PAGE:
Let's face it; it's about valuation every week, but this week, more so than the others, it's about investors expecting a miracle now when it's going to take years for these businesses to realize their true potential.

I'm so confident in my three calls that I plan to make a CAPScall of underperform on each one. The question is: Would you do the same?

More expert advice from The Motley Fool
3D Systems is at the leading edge of a disruptive technological revolution, with the broadest portfolio of 3-D printers in the industry. However, despite years of earnings growth, 3D Systems' share price has risen even faster, and today the company sports a dizzying valuation. To help investors decide whether the future of additive manufacturing is bright enough to justify the lofty price tag on the company's shares, The Motley Fool has compiled a premium research report on whether 3D Systems is a buy right now. In our report, we take a close look at 3D Systems' opportunities, risks, and critical factors for growth. You'll also find reasons to buy or sell, and receive a full year of analyst updates with the report. To start reading, simply click here now for instant access.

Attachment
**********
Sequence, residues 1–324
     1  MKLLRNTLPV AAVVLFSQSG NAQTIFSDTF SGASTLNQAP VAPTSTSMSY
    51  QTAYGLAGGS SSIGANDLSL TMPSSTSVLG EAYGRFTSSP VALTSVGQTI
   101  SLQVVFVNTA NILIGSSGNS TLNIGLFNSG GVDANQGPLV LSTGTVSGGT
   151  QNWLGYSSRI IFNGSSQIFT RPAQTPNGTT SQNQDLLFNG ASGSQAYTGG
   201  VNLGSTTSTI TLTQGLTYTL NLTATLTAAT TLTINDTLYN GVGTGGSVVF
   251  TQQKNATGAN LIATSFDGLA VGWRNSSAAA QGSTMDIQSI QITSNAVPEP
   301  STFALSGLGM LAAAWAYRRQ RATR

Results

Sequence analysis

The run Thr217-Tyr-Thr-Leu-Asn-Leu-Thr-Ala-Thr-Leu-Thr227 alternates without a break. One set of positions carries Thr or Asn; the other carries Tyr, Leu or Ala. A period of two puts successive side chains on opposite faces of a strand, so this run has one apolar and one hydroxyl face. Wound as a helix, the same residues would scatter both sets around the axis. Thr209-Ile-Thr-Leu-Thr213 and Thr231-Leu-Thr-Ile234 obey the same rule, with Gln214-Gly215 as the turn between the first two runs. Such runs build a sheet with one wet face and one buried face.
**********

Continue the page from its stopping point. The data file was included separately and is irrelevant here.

Read/Post Comments (9) | Recommend This Article (7)

Comments from our Foolish Readers

Help us keep this a respectfully Foolish area! This is a place for our readers to discuss, debate, and learn more about the Foolish investing topic you read about above. Help us keep it clean and safe. If you believe a comment is abusive or otherwise violates our Fool's Rules, please report it via the Report this Comment Report this Comment icon found on every comment.

  • Report this Comment On December 20, 2012, at 5:17 PM, dion2727 wrote:

    An elaborate use of language which says nothing new .If you have a profit in these companies you could SUGGEST that some money be taken off the table and buy back later on dips that MAY take place.Be positive and stop trying to hurt these

    companies.

  • Report this Comment On December 20, 2012, at 5:26 PM, dion2727 wrote:

    Using phrases LIKE THE PLAGUE are a reflection

    of an attitude not compatible with thoughtful analysis.

  • Report this Comment On December 21, 2012, at 8:53 AM, lynmar79 wrote:

    dion2727, Mr Williams clearly wrote a biased hit piece....I could care less about his motivation/agenda, but it's another stain on TMF's brand and does not say much about it's paid staff.